IT Skills Shortage Threatens Global Business, IDC Survey Reveals

A growing shortage of IT skills is impacting organizations across all industries and regions, according to a recent survey by the International Data Corporation (IDC).
Job for IT professionalsNearly two-thirds of North American IT leaders reported that this skills gap has led to missed revenue growth targets, quality issues, and declining customer satisfaction. The situation is projected to worsen, with IDC predicting that by 2026, over 90 percent of organizations worldwide will experience the IT skills crisis, potentially resulting in $5.5 trillion in losses due to product delays, reduced competitiveness, and lost business.

While artificial intelligence (AI) skills are currently the most in-demand, IT operations skills are also highly sought after. Cloud-related skills, such as architecture, data management, storage, and software development, are among the top ten most needed skills identified by survey respondents. The demand for IT skills is further compounded by the need for additional non-technical skills, including digital business, human, and leadership skills.

“Getting the right people with the right skills into the right roles has never been so difficult,” said Gina Smith, PhD, research director for IDC’s IT Skills for Digital Business practice. “As IT skills shortages widen and new technologies emerge rapidly, enterprises must find creative ways to hire, train, upskill, and reskill their employees. A culture of learning is the single best way to achieve this.”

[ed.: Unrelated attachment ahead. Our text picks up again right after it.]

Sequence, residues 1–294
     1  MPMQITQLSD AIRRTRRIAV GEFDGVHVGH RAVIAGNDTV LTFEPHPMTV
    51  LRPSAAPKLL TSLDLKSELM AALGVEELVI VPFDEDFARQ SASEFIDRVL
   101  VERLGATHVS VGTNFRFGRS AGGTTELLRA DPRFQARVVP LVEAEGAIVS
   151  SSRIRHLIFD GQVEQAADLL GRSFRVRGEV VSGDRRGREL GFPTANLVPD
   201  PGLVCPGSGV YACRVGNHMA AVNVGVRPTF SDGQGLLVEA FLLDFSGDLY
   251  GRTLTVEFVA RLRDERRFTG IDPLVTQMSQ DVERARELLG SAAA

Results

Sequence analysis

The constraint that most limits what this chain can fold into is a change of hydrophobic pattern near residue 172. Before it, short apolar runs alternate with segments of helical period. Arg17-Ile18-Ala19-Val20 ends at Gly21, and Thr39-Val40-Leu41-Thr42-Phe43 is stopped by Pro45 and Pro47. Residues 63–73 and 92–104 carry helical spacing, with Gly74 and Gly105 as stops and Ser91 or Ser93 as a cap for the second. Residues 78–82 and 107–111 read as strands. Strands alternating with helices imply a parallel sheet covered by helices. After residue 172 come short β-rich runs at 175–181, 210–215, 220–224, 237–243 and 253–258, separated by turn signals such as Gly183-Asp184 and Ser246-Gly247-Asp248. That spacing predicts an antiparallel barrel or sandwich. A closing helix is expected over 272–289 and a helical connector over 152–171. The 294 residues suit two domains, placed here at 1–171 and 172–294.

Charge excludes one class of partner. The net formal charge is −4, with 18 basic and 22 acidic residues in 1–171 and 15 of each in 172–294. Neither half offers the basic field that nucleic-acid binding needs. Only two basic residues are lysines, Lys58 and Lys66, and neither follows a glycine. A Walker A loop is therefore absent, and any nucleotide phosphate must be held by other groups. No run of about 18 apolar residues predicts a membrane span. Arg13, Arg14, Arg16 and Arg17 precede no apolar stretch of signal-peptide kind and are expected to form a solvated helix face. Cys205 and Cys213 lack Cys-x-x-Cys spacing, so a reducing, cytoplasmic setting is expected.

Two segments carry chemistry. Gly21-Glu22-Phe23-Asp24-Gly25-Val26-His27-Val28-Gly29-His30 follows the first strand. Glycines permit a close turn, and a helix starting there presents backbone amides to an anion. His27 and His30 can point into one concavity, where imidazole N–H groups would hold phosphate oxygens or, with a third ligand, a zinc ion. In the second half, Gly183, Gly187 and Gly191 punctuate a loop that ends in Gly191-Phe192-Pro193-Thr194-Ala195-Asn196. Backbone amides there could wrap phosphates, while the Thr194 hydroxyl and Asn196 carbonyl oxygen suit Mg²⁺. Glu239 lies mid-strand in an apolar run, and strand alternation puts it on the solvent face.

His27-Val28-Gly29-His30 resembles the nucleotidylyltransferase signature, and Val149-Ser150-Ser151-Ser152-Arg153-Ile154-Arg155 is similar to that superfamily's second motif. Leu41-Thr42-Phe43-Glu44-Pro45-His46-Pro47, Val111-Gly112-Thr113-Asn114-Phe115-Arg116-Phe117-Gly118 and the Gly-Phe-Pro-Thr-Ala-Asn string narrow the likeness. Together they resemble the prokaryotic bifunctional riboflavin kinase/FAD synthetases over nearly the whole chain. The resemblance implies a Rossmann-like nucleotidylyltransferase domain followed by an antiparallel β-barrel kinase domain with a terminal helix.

Organizations face several challenges when expanding their employees’ skills, including resistance to training. Employees often complain that courses are too long, learning options are limited, and there is insufficient alignment between skills development and career goals.

To address these challenges, IT leaders need to implement various strategies to foster an effective learning environment within their organizations. These strategies include classroom training, hackathons, hands-on labs, games, quests, and mini-badges.

According to the survey, 70 percent of respondents are already utilizing experiential learning methods, such as labs, games, and hackathons. Additionally, more than half of the organizations surveyed are using or piloting generative AI (GenAI) for IT training.

Creating a positive learning culture requires more than just materials, courses, and challenges; it necessitates a top-down approach. Leaders must demonstrate the importance of learning to the organization by aligning employee goals with business objectives, promoting continuous learning throughout employees’ careers, and developing a rewards program that recognizes both progress and performance. Adequate time, financial resources, and personnel are also essential to support this cultural shift.

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